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The Osoyoos Desert Society is making an impassioned plea for help to replace an aging interpretive Desert Centre building.

The society needs to raise $100,000 by mid-June to purchase a 12’x60′ modular building custom built for the site.

“Frost free days revealed how unkind winter’s heavy snows were to the aged trailers that house the Centre’s admissions and interpretive functions,” said Lee McFadyen, the society’s president.

“New roof leaks caused water damage from ceiling to floor.”

Board members removed ceiling tiles, sodden insulation, damaged flooring and repaired the leaking roof and “generous contributions” from local tradespeople made the existing trailer functional and open for the 2018 season.

But, said Ms McFadyen, this “is a one-season fix and the trailers must be replaced in October if we are to continue with our mandate.”

“We have down-scaled our long-term building plans and, after researching various options, have decided on a 12′ x 60′ modular building custom built for the site,” she said. “This is a sensible and cost effective way to ensure the continued operation of the Centre and stewardship of a vital habitat.”

The purchase, however, must be made by mid-June to ensure October delivery.

Fundraising for the new building is currently underway and the society is accepting contributions of any amount.
Donations to the Desert Centre’s Building fund can be made:
  • By Mail Mail to the Osoyoos Desert Society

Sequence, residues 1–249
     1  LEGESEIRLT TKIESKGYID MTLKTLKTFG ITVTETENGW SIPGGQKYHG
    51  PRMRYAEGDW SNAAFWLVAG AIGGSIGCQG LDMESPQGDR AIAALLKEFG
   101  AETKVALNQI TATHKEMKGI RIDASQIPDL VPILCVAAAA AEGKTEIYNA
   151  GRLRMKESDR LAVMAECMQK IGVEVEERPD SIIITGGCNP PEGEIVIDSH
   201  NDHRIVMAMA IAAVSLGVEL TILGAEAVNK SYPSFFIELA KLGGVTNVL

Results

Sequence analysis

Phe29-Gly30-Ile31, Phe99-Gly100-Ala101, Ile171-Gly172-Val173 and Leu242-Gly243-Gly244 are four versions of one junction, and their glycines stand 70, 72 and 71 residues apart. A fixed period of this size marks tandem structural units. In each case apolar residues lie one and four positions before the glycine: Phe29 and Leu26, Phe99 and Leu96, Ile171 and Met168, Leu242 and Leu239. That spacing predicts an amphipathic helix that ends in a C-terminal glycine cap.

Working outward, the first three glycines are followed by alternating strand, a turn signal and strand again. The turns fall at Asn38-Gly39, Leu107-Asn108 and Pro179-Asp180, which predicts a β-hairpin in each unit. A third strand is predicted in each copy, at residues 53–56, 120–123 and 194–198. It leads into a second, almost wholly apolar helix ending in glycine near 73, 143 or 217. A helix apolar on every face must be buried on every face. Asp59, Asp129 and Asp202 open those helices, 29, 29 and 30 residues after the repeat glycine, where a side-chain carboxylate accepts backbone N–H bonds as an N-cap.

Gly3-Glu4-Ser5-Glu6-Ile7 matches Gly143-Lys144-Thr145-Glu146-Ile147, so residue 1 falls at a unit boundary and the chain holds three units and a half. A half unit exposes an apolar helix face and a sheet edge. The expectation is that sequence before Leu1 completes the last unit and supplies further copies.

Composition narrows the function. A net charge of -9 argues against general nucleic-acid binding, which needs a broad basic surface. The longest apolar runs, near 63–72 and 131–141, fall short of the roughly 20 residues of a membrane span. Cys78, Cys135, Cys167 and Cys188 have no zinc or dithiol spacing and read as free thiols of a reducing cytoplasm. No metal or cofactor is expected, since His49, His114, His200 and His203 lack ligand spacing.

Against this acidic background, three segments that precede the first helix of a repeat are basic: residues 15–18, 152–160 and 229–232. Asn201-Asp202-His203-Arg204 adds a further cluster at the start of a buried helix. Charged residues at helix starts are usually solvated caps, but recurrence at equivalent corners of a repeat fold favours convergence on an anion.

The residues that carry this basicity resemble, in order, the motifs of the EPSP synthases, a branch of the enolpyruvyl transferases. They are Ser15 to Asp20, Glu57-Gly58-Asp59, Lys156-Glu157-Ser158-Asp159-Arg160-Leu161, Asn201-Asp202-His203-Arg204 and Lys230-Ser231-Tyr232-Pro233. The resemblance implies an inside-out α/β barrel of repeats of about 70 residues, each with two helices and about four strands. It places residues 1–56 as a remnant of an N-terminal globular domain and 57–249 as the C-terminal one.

PO Box 123, Osoyoos, BC, V0H 1V0
  • By Phone
    Call our office at 250-495-2470 or toll free at 1-877-899-0897
  • In Person
    Visit us in person at the office or the Osoyoos Desert Centre
    Office:  8713 Main Street, Osoyoos (second floor)
    Osoyoos Desert Centre:  14580 – 146th Avenue, Osoyoos
Those wishing to contribute should mark “Building Project” on their donation. All Building Project donations will go directly to a dedicated building fund account.
With nearly 10,000 visitors annually the Desert Centre has become an important educational tourist attraction that is wheelchair accessible; one which provides family-oriented options and augments valley wide winery tours, festivals and other tourist activities.
It plays a vital role in conserving some of the rapidly disappearing South Okanagan antelope-brush ecosystem, in educating the public and in inspiring active concern for ecosystems.

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